Putative cancer stem cell marker expression in oral epithelial dysplasia and squamous cell carcinoma

Abdulmajeed, A. A., Dalley, A. J. and Farah, C. S. (2013) Putative cancer stem cell marker expression in oral epithelial dysplasia and squamous cell carcinoma. Journal of Oral Pathology and Medicine, 42 10: 755-760. doi:10.1111/jop.12073


Author Abdulmajeed, A. A.
Dalley, A. J.
Farah, C. S.
Title Putative cancer stem cell marker expression in oral epithelial dysplasia and squamous cell carcinoma
Journal name Journal of Oral Pathology and Medicine   Check publisher's open access policy
ISSN 0904-2512
1600-0714
Publication date 2013-11
Year available 2013
Sub-type Article (original research)
DOI 10.1111/jop.12073
Volume 42
Issue 10
Start page 755
End page 760
Total pages 6
Place of publication Wiley-Blackwell Publishing
Publisher West Sussex, United Kingdom
Collection year 2014
Language eng
Subject 1306 Cancer Research
2734 Pathology and Forensic Medicine
2733 Otorhinolaryngology
3504 Oral Surgery
3506 Periodontics
Abstract Multifactorial conditions underlie progression of potentially malignant oral lesions (PMOL) to oral squamous cell carcinoma (OSCC) and there is currently need for better prediction of malignant transformation. The hypothesised existence of cancer stem cells in dysplastic oral tissues provides the potential for more informed assessment of PMOL progression. Semi-quantitative immunohistochemical assessment of four putative cancer stem cell markers (CD24, CD44, CD271 and ALDH1) was conducted with a training cohort of 107 patient biopsies to establish clinically applicable score threshold values that were subsequently applied to a blind diagnosis in an independent validation cohort of 278 biopsies. Stain intensity scores for ALDH1, CD24 and CD44, but not CD271 were greater for OSCC than normal tissues. The intensity of ALDH1 and CD24 immunostaining correlated with increased oral epithelial disease severity, and CD24 was effective in distinguishing OSCC from non-malignant tissues, correctly diagnosing 71% of OSCC cases in the validation cohort. Importantly, CD24 immunostaining was effective in diagnosing the presence of dysplasia, correctly discriminating 69% of dysplasia tissues from normal tissues, although no distinction between mild and severe grades of dysplasia was achieved. The results highlight CD24 immunostain intensity as an effective marker of oral dysplasia and OSCC. In conclusion, CD24 immunostain intensity scoring may serve as a helpful technique to assist with the histological recognition of dysplasia in oral biopsies, but not for distinguishing between grades of dysplasia.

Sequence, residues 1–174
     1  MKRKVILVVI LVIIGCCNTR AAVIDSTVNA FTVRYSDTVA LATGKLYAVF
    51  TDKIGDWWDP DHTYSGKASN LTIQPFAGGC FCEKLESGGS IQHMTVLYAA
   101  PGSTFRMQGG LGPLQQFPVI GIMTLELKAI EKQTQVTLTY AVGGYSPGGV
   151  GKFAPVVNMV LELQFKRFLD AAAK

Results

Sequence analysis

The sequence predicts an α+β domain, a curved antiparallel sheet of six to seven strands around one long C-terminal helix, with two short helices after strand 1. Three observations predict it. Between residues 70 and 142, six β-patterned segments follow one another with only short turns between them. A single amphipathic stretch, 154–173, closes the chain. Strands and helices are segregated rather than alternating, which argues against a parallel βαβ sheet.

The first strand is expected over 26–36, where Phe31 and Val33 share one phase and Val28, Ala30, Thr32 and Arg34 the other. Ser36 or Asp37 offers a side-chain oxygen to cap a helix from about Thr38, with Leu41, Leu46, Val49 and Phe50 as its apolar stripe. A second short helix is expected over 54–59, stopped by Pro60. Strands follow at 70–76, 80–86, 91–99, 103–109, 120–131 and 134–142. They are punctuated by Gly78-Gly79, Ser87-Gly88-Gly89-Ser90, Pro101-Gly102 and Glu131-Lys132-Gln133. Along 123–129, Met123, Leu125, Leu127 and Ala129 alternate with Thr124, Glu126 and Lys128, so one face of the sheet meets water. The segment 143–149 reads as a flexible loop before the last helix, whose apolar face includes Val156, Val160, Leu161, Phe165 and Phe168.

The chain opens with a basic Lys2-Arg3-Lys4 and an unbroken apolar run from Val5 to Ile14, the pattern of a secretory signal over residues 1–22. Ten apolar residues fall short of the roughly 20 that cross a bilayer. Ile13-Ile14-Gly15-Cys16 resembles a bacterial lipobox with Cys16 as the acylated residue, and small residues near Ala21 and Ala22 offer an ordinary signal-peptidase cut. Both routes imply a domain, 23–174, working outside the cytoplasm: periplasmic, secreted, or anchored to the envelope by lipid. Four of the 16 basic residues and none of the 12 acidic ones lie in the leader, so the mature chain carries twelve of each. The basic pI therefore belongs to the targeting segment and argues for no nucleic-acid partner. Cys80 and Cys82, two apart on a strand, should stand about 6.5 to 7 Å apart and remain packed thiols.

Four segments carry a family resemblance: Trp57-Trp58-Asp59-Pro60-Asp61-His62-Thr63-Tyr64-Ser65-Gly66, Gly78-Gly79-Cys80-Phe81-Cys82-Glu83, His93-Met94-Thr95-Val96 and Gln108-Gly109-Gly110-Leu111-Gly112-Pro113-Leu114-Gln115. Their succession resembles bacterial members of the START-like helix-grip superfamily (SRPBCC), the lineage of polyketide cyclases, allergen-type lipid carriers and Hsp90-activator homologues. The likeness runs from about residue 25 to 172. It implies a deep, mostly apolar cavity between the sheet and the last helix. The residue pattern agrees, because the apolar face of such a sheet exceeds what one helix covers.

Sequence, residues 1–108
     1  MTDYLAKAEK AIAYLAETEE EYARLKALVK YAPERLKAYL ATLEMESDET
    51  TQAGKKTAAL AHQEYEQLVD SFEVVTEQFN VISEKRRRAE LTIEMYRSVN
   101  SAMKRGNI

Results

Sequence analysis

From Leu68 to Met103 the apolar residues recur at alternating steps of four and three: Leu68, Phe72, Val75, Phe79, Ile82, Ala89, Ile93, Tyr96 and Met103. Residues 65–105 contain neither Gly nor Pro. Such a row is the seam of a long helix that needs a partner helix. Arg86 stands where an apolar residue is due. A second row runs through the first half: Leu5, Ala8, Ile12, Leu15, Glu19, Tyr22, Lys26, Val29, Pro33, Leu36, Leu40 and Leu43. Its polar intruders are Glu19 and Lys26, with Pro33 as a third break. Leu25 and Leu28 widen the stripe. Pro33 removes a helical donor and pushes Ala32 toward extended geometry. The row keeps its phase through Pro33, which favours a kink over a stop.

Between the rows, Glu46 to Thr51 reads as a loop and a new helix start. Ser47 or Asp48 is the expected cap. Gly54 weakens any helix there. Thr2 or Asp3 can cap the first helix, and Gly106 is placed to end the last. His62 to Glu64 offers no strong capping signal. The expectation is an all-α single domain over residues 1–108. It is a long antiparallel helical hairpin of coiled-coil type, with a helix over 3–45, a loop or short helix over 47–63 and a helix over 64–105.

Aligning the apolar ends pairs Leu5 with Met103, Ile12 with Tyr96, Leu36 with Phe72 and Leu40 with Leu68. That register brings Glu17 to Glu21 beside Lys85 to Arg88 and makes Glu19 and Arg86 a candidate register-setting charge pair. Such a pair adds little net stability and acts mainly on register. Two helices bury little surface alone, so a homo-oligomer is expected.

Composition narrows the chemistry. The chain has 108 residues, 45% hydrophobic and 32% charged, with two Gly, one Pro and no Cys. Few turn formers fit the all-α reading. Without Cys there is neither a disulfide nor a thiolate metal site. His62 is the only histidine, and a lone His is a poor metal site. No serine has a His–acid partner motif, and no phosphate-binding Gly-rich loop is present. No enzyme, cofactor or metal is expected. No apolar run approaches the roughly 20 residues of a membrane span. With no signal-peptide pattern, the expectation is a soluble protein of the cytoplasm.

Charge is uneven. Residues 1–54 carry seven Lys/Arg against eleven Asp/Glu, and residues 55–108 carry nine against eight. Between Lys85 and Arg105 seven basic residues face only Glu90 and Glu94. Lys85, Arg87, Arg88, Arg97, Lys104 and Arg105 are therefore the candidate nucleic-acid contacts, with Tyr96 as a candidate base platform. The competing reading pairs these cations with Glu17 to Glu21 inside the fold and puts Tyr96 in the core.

Keyword ALDH1
CD24
CD271
CD44
Q-Index Code C1
Q-Index Status Confirmed Code
Institutional Status UQ

Document type: Journal Article
Sub-type: Article (original research)
Collections: UQ Centre for Clinical Research Publications
Official 2014 Collection
School of Dentistry Publications
 
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Created: Mon, 02 Dec 2013, 13:21:32 EST by Roheen Gill on behalf of UQ Centre for Clinical Research